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Schug v. Moore

Supreme Court of Alaska

July 2, 2010

Franklin SCHUG, Appellant,
v.
Stephanie Galbraith MOORE, Appellee.

Page 1115

Franklin Schug, pro se, Anchorage, Appellant.

Laura C. Bottger, Assistant Attorney General, Anchorage, and Daniel S. Sullivan, Attorney General, Juneau, for Appellee.

Before: CARPENETI, Chief Justice, FABE, WINFREE, and CHRISTEN, Justices.

OPINION

CHRISTEN, Justice.

I. INTRODUCTION

In 2004 Franklin Schug sued the Alaska Department of Corrections (DOC) for negligently causing him to suffer personal injury while being transported from an Alaska prison to an Arizona prison. Assistant Attorney General Stephanie Galbraith Moore defended DOC in that suit, and the jury entered a verdict in DOC's favor. Schug then sued Moore, alleging she engaged in fraud, deception, and conspiracy in connection with his personal injury case. The superior court granted Moore's motion for summary judgment because Moore " is absolutely immune from these claims" and Schug's claims against Moore were unsustainable as a matter of law. Although we do not decide whether Moore has absolute or qualified immunity, we agree that Moore is protected by official immunity and that Schug's claims are unsustainable as a matter of law. Therefore, we affirm the superior court's order granting summary judgment.

Page 1116

II. FACTS AND PROCEEDINGS

The State of Alaska incarcerated Schug in Alaska and Arizona from 2000 until 2008. Schug filed a complaint against DOC in 2004 seeking compensation for injuries allegedly suffered while being transported by air from an Alaska prison to an Arizona prison. Attorney Joe Josephson represented Schug in the personal injury suit. A jury returned a verdict in DOC's favor. Schug did not file a timely appeal, but he did subsequently initiate two separate actions against Josephson and Moore. All of Schug's claims against Moore for " attorney malpractice" arose from her role as DOC's defense attorney in Schug's personal injury case.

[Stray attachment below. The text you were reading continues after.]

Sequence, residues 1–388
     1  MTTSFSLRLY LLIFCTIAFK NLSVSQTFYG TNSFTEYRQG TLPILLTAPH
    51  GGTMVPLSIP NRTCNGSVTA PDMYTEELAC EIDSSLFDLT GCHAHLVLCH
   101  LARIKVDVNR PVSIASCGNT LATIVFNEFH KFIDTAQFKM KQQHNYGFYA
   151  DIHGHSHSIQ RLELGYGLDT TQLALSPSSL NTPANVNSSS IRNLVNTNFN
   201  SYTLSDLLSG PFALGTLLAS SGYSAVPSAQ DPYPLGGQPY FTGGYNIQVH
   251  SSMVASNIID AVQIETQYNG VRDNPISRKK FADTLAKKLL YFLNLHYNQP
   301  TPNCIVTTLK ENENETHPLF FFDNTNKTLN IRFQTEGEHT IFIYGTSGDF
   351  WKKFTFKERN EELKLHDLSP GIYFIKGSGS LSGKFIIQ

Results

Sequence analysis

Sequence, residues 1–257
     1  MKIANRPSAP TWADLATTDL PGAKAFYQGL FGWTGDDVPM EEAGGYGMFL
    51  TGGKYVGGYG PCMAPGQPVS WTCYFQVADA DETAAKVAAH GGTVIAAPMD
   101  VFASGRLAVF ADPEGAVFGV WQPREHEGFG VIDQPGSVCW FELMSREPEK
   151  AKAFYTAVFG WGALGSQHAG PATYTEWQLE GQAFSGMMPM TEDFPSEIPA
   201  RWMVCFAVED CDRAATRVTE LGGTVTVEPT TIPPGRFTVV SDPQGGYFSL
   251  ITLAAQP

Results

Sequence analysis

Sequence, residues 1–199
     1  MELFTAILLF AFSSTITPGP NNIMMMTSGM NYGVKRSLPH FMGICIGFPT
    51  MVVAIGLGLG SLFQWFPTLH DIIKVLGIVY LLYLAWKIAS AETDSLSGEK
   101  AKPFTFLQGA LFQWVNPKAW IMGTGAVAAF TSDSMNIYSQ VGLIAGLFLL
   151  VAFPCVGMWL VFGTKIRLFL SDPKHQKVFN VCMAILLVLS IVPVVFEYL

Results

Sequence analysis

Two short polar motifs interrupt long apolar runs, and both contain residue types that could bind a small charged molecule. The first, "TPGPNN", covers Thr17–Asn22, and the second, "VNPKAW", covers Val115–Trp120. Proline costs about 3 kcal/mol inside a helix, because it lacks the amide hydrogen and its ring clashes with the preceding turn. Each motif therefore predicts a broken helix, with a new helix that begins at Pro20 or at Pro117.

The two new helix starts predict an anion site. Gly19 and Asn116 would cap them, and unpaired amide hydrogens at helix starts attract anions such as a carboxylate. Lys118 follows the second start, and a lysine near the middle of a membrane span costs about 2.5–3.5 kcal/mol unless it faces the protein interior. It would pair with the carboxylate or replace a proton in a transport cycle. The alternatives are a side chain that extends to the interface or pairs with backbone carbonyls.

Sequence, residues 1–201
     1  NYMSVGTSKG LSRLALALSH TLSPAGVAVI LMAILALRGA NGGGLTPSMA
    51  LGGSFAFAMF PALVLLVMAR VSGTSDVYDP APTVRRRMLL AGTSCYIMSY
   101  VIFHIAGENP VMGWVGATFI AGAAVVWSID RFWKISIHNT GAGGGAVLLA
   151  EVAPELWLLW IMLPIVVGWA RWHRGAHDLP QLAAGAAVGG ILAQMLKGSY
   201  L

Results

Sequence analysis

Moore filed a motion for summary judgment that grouped Schug's allegations against her into three categories. The first category encompasses Schug's claims that during discovery and trial of the personal injury case, Moore engaged in multiple acts of deceit that deprived him of a fair trial. The second category includes Schug's claims that Moore conspired with Josephson to hide evidence, to prevent Schug from pursuing certain claims, and to prevent him from filing a timely appeal of the verdict. In the third category of claims, Schug alleges that Moore knew of a grand conspiracy between Cornell Prison Systems and Josephson to keep Schug confined and deny him medical care.

Moore filed a motion for summary judgment arguing that her actions as the attorney defending DOC were protected by qualified or absolute official immunity and, alternatively, that Schug's allegations were factually baseless and unsupportable as a matter of law. The materials Schug filed in response to the summary judgment motion reasserted the same conclusory allegations made in his complaint. He offered no admissible evidence to support his claims against Moore.

On January 25, 2008, the superior court granted Moore's motion for summary judgment because all three categories of claims " are unsustainable as a matter of law" and Moore had absolute immunity as to the first two categories of claims. Schug only appeals the ...


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